I was really excited to see Opolis at Live Theatre. I have never seen a piece of theatre in the sci-fi genre, and my experience of Alphabetti’s work has included more contemporary pieces, so I couldn’t wait to see what would be done with this new territory, especially in the hands of the theatre’s own artistic director.
The play follows two characters in the aftermath of a crisis left ambiguous that dramatically changes the world, in the technological landscape of Opolis. Julie, played by Christina Berriman Dawson, is from the pre-crisis generation, and wishes to escape this world where citizens are forced to exercise in exchange for shelter and currency, and the trade is in memories. Attempting to leave, she comes into contact with a younger character played by Kae Grayson who works for Opolis, and has very different views on the world they find themselves in.
Opolis explored some really interesting ideas in a subtle, ambiguous way. For example, in touched on the inequality that comes with physical labour for those who are less able, and explored what it means to call an experience real or your own. Much of the play was just conversation between the two characters, but it felt tense and dramatic throughout, especially towards the end of the play when the unsettling twist is revealed.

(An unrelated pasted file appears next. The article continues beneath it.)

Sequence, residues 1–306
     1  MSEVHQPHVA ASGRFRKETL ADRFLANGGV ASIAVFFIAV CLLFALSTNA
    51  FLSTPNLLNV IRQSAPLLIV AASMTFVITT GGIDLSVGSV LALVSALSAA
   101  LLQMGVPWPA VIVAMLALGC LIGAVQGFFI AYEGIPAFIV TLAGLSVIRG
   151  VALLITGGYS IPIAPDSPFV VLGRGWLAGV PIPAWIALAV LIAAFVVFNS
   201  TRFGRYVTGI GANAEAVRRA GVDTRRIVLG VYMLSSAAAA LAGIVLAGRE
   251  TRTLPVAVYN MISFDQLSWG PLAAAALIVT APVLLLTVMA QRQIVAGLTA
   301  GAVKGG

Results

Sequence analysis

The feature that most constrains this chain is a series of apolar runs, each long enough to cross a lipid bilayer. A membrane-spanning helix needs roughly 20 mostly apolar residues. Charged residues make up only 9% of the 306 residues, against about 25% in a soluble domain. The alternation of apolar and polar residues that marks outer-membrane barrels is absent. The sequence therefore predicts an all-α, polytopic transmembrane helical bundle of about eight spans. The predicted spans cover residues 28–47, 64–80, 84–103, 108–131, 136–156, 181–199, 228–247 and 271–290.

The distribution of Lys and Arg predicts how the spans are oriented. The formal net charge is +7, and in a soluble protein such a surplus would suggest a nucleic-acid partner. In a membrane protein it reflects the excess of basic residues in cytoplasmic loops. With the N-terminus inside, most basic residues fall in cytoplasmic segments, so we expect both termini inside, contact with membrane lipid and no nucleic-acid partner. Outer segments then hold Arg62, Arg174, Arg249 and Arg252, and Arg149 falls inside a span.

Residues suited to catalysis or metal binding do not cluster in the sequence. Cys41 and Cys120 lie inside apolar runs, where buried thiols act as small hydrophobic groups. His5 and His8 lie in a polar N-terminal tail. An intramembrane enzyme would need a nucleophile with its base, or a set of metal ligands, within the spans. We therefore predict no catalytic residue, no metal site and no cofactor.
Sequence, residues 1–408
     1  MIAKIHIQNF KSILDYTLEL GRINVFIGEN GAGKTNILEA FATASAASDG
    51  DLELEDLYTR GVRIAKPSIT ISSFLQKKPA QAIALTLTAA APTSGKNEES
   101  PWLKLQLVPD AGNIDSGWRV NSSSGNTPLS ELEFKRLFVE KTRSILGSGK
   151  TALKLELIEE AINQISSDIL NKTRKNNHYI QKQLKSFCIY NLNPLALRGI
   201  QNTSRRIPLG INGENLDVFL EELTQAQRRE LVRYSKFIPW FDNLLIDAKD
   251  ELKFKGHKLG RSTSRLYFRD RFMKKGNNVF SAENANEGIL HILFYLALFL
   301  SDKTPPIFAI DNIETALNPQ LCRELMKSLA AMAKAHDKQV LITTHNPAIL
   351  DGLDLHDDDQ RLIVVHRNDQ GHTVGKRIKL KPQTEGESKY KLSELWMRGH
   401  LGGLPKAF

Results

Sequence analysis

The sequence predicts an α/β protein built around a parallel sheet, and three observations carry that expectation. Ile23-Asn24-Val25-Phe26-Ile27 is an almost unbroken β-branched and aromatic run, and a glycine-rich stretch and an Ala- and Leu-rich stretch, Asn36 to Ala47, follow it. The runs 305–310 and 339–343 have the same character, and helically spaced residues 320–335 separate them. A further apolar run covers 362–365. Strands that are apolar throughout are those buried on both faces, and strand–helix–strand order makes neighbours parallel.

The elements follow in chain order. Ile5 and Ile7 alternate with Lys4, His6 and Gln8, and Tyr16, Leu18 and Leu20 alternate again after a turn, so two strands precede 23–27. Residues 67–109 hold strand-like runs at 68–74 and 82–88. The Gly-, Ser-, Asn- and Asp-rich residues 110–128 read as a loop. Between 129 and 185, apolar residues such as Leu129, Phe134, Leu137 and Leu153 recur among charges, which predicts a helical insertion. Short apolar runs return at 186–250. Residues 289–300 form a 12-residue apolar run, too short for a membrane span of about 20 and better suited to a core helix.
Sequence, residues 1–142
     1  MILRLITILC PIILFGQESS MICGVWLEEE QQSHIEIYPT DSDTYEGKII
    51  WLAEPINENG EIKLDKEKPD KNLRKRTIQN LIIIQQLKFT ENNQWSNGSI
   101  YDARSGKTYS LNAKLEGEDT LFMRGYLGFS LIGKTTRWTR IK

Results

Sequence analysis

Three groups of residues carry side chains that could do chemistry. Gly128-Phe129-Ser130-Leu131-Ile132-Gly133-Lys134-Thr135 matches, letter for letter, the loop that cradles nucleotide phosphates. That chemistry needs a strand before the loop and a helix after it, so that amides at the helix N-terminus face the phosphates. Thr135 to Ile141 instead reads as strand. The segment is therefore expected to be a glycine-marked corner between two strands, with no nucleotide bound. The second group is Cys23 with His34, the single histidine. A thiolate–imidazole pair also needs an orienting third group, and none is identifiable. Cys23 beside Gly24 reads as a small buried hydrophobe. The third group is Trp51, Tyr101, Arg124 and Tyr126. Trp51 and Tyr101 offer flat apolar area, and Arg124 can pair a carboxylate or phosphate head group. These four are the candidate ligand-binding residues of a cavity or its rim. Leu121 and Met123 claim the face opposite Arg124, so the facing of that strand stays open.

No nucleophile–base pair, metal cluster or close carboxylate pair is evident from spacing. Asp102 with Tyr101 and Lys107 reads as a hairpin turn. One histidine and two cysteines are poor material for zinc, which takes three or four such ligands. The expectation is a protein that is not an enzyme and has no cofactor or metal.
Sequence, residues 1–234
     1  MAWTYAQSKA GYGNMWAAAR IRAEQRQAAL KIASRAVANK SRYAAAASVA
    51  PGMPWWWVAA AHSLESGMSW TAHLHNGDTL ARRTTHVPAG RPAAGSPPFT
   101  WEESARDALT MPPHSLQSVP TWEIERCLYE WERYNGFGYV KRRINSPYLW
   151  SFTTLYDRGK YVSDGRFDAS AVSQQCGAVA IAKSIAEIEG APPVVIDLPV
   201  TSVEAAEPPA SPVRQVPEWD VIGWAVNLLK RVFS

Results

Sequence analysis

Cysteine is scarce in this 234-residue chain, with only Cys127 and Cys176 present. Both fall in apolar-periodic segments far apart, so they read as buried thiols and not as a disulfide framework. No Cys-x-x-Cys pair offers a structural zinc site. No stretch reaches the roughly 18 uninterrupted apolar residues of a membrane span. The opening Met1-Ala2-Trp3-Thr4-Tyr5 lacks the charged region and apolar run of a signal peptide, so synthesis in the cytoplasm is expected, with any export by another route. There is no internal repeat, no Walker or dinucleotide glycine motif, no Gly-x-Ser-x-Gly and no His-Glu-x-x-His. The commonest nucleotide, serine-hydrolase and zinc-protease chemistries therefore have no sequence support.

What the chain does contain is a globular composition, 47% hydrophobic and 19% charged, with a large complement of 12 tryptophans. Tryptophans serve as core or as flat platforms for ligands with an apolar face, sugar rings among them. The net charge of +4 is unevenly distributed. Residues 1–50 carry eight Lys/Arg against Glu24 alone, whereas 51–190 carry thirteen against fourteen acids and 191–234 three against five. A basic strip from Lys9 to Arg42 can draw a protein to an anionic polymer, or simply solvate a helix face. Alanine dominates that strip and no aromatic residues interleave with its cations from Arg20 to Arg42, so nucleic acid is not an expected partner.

However, I think I may have had some misguided expectations for the show. The marketing for me hinted at TV like Black Mirror and films like Ex Machina, all coming from this movement of futuristic, doom-stricken work about technology. I have found this really meaningful and interesting with how much technology plays a part in our modern lives, so I think I had very high expectations for the play. It touched on a lot of what I have seen before in similar work. However, although it wasn’t my cup of tea, I think it was a fantastic introduction to this genre, and it was so exciting to see relevant, new sci-fi theatre being produced, especially in a small independent venue.
It was incredibly ambitious to produce a story like this in theatre, especially on a small stage. I loved how the space was used to create the foreboding atmosphere. I particularly loved how sound was used on a fairly minimal stage to build up the tension, designed by Wilf Stone, and the use of lighting to represent the technology.
Although the play was not my favourite I’ve seen at Alphabetti, I was really glad to see such an interesting and thought-provoking piece of work. Seeing a story rooted in technology being performed in the traditionally analogue world of theatre was something I would love to see more of, and I left feeling excited and refreshed about the kind of stories that could brought to life in our local theatres in Newcastle.